After the old gym closed, Fordham students have access to one gym, Ram Fit Center. Some students are casting doubts that it provides enough space for the student body. Ram Archives
By Michael Cavanaugh
Students returning to Rose Hill for the fall semester will soon find the campus is with one less fitness facility.
As a result of renovations that began during the past spring semester, the two-room facility located on the second floor of the Lombardi Center was closed down.
The now-defunct fitness center, formerly a popular fitness hub for a large number of students, was marked for renovation by the administration. The heavily-used equipment was sold to a fitness company in late July.
While renovations to aging facilities are typically welcomed, negative feedback has been voiced by the student body upon learning that the old weight room is closed.
“It’s a real shame because sometimes the Ram Fit Center gets overcrowded and the upstairs gym was a good escape with a lot of room and free weights,” Martin McCormack, FCRH ’15, said. “Plus that’s where I worked out a lot with my friends.”
McCormack’s sentiments are shared by many students, whether they regularly used the Lombardi fitness facilities or preferred the more modern, flashy aesthetics of the Ram Fit Center, which first opened its doors in October 2012.
This main concern held in regard to the new fitness center is the inadequate space allotted for free weights, an integral part of many resistance training regimens.
Even in off-peak hours, students have difficulty finding open benches of which the Ram Fit Center only has a handful. Couple this with just two power lifting racks, an angled leg press, a rack for barbells, and an obscurely-placed seated calf raise machine, all placed within a relatively short, narrow hallway, and you have a recipe for a facility that will seem overcrowded with just half a dozen students.
The mirror-lined room does contain an adequate amount of dumbbells, but the layout of the area places them in the path of the fire exit, prohibiting individuals from placing benches in front of the rack. Those who do so are scolded by the security guard on duty and instructed to return the bench to the adjacent narrow hallway.
David Roach, Director of Intercollegiate Athletics at Fordham University, admits that the space for free weight exercises is not as big as the department would like for it to be, but he cited student safety as a primary reason for the gym’s elimination.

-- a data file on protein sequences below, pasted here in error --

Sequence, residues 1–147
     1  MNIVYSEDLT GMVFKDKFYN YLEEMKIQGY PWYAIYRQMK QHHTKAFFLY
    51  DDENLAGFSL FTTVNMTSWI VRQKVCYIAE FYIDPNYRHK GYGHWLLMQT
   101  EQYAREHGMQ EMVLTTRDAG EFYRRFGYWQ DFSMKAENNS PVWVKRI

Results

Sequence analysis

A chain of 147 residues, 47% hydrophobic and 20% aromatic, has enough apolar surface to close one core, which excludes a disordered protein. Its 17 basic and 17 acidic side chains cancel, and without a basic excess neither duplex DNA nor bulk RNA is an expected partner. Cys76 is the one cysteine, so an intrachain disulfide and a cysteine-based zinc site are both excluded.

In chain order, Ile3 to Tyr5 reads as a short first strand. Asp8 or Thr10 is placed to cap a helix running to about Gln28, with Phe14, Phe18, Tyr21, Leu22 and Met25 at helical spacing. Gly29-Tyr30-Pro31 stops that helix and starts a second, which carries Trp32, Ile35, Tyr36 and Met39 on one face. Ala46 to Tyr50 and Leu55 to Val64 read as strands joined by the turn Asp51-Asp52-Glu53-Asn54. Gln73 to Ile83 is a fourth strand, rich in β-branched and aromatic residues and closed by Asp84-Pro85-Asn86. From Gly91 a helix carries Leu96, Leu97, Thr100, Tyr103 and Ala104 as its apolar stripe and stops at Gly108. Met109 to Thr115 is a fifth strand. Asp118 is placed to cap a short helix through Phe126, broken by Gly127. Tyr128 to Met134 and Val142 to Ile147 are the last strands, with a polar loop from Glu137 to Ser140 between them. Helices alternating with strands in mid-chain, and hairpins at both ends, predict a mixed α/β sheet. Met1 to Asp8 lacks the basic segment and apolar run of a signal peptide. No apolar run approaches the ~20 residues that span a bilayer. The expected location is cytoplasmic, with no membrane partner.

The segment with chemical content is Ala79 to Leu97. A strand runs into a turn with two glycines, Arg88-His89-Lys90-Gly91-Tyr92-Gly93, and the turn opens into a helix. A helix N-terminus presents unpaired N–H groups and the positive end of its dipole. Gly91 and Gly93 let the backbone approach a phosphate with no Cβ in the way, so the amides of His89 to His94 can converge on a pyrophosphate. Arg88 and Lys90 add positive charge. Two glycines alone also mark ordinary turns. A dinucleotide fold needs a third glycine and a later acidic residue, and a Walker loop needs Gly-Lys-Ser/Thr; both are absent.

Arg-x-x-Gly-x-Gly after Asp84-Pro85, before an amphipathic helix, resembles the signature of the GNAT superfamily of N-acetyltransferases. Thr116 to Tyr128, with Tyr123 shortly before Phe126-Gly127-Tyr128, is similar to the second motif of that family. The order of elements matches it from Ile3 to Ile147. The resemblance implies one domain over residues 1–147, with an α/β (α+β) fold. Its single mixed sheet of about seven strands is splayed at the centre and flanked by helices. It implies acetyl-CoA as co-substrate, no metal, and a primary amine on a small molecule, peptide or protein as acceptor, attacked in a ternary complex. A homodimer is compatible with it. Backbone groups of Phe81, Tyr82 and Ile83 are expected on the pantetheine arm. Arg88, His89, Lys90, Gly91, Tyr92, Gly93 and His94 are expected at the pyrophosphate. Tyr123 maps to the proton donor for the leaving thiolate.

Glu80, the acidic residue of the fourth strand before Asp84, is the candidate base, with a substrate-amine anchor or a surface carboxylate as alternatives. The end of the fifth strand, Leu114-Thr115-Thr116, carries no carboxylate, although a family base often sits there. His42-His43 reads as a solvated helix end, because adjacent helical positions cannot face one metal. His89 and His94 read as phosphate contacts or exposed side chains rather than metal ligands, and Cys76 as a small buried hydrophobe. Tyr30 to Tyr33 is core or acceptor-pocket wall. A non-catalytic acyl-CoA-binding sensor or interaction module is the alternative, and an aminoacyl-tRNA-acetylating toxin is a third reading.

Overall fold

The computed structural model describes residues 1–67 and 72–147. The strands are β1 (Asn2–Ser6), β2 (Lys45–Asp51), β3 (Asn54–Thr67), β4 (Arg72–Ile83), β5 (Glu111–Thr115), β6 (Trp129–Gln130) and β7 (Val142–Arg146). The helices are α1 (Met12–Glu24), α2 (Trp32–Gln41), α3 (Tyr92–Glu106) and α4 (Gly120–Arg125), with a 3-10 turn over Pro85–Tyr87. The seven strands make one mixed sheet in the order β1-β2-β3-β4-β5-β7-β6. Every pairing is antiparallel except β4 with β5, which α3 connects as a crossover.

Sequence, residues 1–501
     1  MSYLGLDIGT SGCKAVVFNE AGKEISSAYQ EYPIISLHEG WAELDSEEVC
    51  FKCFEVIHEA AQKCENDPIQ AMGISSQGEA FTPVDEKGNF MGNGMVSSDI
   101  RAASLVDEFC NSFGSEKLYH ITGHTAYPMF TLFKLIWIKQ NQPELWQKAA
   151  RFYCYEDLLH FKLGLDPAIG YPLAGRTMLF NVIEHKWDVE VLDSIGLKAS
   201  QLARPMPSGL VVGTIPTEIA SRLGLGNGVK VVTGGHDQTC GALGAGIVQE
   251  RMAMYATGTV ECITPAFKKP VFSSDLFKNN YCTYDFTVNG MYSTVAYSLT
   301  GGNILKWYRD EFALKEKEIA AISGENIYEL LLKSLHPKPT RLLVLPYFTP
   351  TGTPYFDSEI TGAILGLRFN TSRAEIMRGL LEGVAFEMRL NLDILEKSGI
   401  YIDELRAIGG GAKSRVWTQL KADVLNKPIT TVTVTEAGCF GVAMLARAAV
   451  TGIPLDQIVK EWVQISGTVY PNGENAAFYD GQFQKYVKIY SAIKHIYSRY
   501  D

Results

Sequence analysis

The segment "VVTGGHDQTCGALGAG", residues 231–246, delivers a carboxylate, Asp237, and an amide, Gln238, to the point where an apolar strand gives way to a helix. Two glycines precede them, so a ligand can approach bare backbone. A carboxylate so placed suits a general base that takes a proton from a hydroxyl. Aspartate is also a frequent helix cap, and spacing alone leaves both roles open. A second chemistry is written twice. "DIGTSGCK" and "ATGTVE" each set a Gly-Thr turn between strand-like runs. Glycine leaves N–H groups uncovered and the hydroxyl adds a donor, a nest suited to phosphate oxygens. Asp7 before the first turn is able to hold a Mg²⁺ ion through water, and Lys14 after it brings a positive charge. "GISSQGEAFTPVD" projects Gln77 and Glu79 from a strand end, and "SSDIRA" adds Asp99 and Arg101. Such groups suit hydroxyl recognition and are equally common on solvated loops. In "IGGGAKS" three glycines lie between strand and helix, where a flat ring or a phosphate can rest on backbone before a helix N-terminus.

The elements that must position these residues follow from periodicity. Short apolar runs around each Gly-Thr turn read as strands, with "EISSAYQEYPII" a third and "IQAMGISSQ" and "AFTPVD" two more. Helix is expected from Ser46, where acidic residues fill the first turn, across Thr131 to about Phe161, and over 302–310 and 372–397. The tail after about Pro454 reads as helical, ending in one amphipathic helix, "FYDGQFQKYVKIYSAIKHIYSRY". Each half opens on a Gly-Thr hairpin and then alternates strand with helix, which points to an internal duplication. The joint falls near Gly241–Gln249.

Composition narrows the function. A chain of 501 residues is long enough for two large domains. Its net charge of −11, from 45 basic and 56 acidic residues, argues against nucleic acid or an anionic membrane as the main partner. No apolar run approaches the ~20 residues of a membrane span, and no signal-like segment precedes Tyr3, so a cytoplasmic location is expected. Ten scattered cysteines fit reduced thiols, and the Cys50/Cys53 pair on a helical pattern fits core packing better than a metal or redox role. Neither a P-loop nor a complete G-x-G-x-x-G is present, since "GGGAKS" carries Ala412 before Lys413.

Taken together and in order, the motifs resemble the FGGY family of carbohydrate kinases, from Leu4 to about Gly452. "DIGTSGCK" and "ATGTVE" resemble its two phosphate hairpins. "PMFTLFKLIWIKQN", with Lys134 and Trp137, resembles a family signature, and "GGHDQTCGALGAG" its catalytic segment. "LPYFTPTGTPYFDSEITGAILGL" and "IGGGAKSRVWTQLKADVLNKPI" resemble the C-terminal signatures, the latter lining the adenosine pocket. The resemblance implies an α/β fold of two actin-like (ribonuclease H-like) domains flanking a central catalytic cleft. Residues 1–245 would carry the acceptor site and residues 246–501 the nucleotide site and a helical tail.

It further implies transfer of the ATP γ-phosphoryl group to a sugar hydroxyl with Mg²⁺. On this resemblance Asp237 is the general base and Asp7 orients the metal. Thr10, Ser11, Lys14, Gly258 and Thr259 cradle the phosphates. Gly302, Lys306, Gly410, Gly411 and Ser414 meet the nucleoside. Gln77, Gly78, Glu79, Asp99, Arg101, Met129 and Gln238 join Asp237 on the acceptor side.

“Once we had the new fitness center, with the old one not really supervised, we really wanted a place where the students are supervised for safety reasons,” he said.
Roach also mentioned that the allocation of funds to expand the women’s basketball office was part of the reasoning behind the decision to get rid of the older fitness center.
The A-10 Champion team’s office has since been expanded into what was once the aerobic space of the facility. In addition, plans to renovate the Lombardi Center bathrooms have allegedly caused some of the upstairs space to be shifted around.
Despite this, Roach was sympathetic towards the frustration of both the students and faculty and staff members who frequent the university’s fitness center.
“I would say that going into the Ram Fit area becomes too overcrowded, then we will figure out a way to come up with an auxiliary space,” he said, though he did not expand on specifics.
Nevin Kulangara, President of United Student Government, GSB’15, is attempting to seize the opportunity to figure out solutions regarding a potential gym overflow.
“Many students have expressed their frustration with the limited free weights space in the Ram Fit Center,” Kulangara said in a USG statement. “This is a great opportunity for USG to meet its purpose: to listen to the student body and work with the administration to explore ways to alleviate the concerns of the students using this space.”
It remains unclear if the administration will respond if students continue to voice complaints about the new arrangement.
Kris Venezia contributed reporting.